I watched "The Cosby Show" for the first time in a year over the holiday weekend. Last fall, I'd unofficially sworn off the series that had raised me after the numerous allegations of rape and sexual assault against Bill Cosby resurfaced in the news. My decision not to watch the show (which, before the scandal erupted I had marathoned every year), wasn't wholly moralistic. It didn't feel "right," but not just because of the nature of the allegations against the 78-year-old comedian. To be perfectly honest, I was afraid I would no longer be able to enjoy my favorite black sitcom or, worse, I would actually enjoy it and then I'd feel guilty.
By refusing to watch something I had once loved, I was protecting my own nostalgia. Nostalgia is a powerful thing. It shapes identity, distorts memory, and sits precariously at the intersection of the bitter and the sweet. Re-watching "The Cosby Show," in light of Cosby's recent arraignment, was the very definition of bittersweet. There's so much weight in this show, its legacy, its cultural impact, and the impact it had on me as an individual. For me, like so many other black people who grew up with the show either during its original run or through re-runs, the Huxtables weren't just a collection of colorful, fictional TV characters. They were something closer to family.
I watched my two favorite episodes -- the one where Vanessa runs away to go have "big fun with The Wretched" and gets chewed out by Claire Huxtable in a way only a black mother could, and the one where Theo is desperate to get an expensive Gordon Gartrell shirt to impress a girl. My favorite part: the screech of Theo's cracking voice as he screams "Denise!" from upstairs, and the subsequent reveal of the knockoff shirt his sister sewed for him in all its hilarious, discombobulated glory.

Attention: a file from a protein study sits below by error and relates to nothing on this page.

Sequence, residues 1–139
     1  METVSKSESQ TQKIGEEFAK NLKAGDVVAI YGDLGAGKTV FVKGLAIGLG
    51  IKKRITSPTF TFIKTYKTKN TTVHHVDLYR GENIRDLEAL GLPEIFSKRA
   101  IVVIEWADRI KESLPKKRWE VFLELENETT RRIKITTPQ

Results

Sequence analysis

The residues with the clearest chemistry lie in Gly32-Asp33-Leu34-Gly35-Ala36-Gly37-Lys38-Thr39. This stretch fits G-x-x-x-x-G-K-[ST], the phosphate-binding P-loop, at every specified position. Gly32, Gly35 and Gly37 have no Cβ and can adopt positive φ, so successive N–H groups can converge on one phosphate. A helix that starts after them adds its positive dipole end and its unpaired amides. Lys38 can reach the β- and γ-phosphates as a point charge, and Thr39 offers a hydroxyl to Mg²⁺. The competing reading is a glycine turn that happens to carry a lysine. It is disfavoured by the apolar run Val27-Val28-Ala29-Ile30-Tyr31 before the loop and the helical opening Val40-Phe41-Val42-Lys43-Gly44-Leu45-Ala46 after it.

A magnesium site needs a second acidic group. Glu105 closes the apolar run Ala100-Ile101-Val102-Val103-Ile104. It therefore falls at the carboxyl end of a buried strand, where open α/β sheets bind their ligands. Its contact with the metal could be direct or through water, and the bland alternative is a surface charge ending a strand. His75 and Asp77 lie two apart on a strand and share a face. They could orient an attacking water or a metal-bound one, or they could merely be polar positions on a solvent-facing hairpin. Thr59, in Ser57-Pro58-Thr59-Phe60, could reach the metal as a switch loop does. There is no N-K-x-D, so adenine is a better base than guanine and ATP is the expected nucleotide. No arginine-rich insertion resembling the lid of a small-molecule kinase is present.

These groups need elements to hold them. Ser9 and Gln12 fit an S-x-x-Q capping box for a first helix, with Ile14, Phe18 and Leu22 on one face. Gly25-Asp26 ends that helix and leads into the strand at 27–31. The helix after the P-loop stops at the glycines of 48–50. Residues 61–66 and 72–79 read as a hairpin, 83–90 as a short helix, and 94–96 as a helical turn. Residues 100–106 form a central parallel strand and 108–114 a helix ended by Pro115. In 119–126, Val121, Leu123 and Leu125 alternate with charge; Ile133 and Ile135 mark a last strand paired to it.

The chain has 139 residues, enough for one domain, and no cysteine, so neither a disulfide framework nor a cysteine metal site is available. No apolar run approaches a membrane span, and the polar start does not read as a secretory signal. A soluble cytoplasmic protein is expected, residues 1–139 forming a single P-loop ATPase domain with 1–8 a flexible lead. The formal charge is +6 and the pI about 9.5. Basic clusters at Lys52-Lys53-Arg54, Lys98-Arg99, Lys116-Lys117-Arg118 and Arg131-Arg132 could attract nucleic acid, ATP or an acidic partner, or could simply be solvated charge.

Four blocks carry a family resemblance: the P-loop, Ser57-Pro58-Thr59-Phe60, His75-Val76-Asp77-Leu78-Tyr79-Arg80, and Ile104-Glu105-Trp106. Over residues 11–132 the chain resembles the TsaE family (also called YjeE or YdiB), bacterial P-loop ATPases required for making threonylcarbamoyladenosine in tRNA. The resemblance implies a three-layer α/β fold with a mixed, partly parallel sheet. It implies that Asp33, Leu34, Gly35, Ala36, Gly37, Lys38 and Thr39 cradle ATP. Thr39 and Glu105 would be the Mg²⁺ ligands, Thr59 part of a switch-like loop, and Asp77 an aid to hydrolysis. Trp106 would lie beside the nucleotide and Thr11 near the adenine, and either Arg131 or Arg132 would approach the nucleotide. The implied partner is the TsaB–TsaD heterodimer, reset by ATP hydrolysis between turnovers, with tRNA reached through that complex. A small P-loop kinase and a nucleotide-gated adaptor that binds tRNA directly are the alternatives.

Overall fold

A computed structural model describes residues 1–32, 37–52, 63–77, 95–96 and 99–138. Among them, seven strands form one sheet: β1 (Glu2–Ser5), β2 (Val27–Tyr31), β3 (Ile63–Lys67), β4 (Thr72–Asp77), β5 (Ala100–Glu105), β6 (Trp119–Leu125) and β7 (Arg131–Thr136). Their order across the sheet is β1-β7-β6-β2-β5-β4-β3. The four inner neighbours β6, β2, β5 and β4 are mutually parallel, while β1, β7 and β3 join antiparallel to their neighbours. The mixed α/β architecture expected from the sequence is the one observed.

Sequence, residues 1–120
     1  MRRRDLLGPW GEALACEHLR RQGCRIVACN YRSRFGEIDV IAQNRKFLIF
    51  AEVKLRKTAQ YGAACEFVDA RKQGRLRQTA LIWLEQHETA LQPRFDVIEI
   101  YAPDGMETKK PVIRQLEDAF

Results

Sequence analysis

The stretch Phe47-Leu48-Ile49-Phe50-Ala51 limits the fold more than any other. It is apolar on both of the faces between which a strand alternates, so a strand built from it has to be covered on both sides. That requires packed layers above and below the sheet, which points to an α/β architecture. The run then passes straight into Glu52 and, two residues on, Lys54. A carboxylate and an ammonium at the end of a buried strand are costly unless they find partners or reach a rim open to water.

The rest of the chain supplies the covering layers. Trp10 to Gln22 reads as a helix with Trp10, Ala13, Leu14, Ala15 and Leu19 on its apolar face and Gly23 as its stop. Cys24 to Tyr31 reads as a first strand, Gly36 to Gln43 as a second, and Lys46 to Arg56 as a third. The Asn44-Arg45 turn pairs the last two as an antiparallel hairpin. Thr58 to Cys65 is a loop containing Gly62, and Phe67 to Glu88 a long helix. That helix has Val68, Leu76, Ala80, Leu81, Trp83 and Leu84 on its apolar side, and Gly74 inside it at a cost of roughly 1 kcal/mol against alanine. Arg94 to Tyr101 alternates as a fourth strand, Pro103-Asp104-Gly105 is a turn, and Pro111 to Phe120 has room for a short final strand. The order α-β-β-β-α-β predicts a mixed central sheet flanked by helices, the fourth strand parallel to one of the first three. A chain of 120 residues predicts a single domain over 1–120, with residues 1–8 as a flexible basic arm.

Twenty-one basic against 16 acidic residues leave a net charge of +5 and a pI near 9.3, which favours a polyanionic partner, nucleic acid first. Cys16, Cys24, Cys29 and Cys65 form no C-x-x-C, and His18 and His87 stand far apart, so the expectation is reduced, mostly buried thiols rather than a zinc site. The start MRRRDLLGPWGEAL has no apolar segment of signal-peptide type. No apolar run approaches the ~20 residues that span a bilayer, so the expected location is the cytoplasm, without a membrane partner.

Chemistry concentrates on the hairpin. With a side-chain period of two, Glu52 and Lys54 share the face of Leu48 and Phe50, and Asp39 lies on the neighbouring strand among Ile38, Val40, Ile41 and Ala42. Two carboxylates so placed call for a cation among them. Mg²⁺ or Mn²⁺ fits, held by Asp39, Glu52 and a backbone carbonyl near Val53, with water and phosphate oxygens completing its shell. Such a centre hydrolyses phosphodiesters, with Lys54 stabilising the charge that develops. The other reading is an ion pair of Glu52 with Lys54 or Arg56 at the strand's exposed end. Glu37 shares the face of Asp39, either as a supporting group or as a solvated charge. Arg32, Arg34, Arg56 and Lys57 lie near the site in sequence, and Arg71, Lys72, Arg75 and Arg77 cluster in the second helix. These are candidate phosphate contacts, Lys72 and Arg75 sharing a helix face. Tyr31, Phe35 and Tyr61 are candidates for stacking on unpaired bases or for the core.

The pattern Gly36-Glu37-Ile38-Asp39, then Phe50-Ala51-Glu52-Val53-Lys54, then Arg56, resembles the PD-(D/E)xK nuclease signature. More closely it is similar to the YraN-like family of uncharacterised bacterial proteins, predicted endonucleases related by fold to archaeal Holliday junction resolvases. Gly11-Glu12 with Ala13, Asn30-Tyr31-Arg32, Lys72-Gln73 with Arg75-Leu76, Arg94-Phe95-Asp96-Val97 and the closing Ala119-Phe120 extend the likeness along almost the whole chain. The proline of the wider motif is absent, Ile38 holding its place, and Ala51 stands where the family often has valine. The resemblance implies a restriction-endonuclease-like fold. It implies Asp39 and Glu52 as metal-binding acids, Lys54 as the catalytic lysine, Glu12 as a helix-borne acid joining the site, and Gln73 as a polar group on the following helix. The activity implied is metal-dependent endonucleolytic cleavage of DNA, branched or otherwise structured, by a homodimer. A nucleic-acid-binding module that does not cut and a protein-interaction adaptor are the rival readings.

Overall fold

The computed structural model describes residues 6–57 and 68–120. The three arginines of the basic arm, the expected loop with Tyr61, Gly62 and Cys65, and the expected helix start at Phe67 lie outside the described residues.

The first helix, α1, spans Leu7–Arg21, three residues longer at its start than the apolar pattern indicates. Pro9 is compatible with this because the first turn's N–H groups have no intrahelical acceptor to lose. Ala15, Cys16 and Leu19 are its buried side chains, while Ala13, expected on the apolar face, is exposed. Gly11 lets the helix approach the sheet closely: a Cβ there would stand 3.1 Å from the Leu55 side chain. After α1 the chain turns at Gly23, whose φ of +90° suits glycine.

I chuckled at a few jokes, even at the moments I've seen hundreds of times. I got the same warm fuzzies I've always felt when I saw the Huxtable family huddled together on the couch of their brownstone living room, or heard the jazzy theme song go over the iconic credits. But mixed in with all that familiarity was, as expected, a feeling of unease and uncertainty whenever Cliff Huxtable was on screen. His knowing smile, his playful teasing and his witty one-liners all felt disjointed and out of place. Maybe even a little sinister. It was fascinating, because nothing has changed about this show. But everything has changed.
There's been so much debate about what to do with "The Cosby Show" in the wake of Cosby's rape scandal. Some people have questioned how justified it is to pull the series from syndication and streaming services. They've argued that, regardless of whether or not you "believe" that Bill Cosby is a rapist, people should be able to separate the man from the character and the legacy of the show. And yet, how can you separate two things that are so intrinsically linked?
When reports of Bill Cosby's alleged history of sexual abuse resurfaced last year, a part of me wanted to hold on to the distinction between Bill Cosby, the accused serial rapist and Cliff Huxtable, America's Dad. I think an argument can be made, in some cases, for separating an entertainer's personal life, however messy it is, from how one feels about their art. But the fact that Cosby used his Cliff Huxtable persona as leverage for allegedly perpetrating and hiding his assaults makes that impossible for me to do.
During its heyday, "The Cosby Show" was groundbreaking. But its cultural importance and impact were very much tied to the time in which it was released, and to the way American pop culture interacted with blackness. Its legacy has reverberated through television and pop culture, informing and paving the way for TV shows from "The Fresh Prince of Bel-Air" to "Black-ish."